National Civil Rights Museum’s Drop the Mic Poetry Slam Finalists Confront Social Issues and Voting


National Civil Rights Museum’s Drop the Mic Poetry Slam
Finalists Confront Social Issues and Voting

Event is part of the celebration of the 50th Anniversary of the Voting Rights Act


The National Civil Rights Museum (NCRM) is inviting the public to witness impressive young poets and spoken word artists at the NCRM Drop the Mic Poetry Slam event is this Saturday, August 22, at 5 p.m. in the Hooks Hyde Room at the National Civil Rights Museum. The theme of the each original piece is “My Vote, My Freedom” in celebration of the 50th Anniversary of the Voting Rights Act of 1965.

“I was very impressed with the caliber of spoken word artists that submitted their original work to the Poetry Slam this year,” said Faith Morris, the Museum’s Director of Marketing, Governmental and Community Affairs. “We had poets to submit from Milwaukee and Atlanta. This is only year two, and the buzz about the Poetry Slam is growing.”

The semi-finalists are in the following age categories: 14-17, 18-25 and 26-35. Each category will have a first place winner who takes home $1,000, and the second place winner will receive $750. All winners will receive family museum membership that includes free admission for a year plus other benefits.

All contestants will have two minutes to perform their original pieces judged by highly respected artists in the open mic, spoken word community: neo-soul vocalist and open mic event host Tonya Dyson; Memphis spoken wordsmith Darius “Phatmak” Clayton; and poet, writer and radio personality Aisha Raison. There will also be performances by the a cappella group Artistik Approach and spoken word artist Ryan Carson.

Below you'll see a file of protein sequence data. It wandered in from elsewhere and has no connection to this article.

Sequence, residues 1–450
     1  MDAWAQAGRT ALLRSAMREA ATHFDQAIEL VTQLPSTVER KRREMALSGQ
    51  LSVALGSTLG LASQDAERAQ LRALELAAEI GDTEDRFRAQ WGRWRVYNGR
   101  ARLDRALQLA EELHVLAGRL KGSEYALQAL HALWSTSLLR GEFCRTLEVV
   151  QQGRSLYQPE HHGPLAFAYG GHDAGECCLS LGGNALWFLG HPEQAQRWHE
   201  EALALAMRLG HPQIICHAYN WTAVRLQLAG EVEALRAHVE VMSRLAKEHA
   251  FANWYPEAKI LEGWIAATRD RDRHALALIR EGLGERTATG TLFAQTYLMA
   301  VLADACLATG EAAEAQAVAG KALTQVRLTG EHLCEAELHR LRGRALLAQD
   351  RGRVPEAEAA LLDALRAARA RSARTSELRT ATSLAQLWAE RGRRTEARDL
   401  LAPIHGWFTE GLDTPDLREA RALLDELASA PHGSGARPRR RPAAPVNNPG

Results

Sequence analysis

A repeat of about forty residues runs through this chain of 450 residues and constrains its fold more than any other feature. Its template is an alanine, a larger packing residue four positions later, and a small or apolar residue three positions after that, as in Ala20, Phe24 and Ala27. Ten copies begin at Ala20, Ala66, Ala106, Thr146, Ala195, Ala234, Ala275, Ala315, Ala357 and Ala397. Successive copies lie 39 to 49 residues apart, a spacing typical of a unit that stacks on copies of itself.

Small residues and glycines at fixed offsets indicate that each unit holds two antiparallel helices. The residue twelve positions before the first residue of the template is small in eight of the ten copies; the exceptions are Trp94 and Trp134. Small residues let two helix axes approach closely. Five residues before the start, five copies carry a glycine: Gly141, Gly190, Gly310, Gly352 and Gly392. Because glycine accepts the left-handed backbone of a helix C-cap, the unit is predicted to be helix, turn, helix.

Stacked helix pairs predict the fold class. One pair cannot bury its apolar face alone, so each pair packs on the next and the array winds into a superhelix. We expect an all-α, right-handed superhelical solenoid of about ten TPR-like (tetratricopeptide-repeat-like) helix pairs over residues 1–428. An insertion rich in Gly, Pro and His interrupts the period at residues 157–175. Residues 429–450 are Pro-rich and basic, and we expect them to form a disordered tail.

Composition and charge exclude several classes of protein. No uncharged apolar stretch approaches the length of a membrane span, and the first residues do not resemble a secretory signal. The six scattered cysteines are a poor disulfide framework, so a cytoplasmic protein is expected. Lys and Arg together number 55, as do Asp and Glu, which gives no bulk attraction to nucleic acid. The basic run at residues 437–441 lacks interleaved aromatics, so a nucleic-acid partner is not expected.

For more information, visit  #MyVoteMyFreedom, #NCRMDropTheMic, #NCRMuseum



About The National Civil Rights Museum

The NATIONAL CIVIL RIGHTS MUSEUM, located at the historic Lorraine Motel where civil rights leader Dr. Martin Luther King, Jr. was assassinated, is the only Museum of its kind in the country that gives a comprehensive overview of the American Civil Rights Movement from 1619 to the present. The Museum is intended to bring the movement to life, place the events in a historical perspective and provide a focus of national remembrance. Since the Museum opened in 1991, close to 5 million visitors from around the world have come, including more than 60,000 students annually. Recognized as a center for civil rights and social change, the Museum is steadfast in its mission to share the culture and lessons from the Movement and explore how this significant era continues to shape equality and freedom globally.


Through interactive exhibits, historic collections, storytelling, dynamic speakers and events, the museum offers visitors a chance to walk through history and learn more about a tumultuous and inspiring period of change. Then, invites you to Join the Movement, take a stand and share your voice on issues that impact our society.


An internationally acclaimed cultural institution, the Museum was recognized as USA Today’s Top 10 Best American Iconic Attractions; Top 10 Best Historical Spots in the U.S. by TLC’s Family Travel; Must See by the Age of 15 by Budget Travel and Kids; Top 10, American Treasures by USA Today; and Best Memphis Attraction by The Commercial Appeal.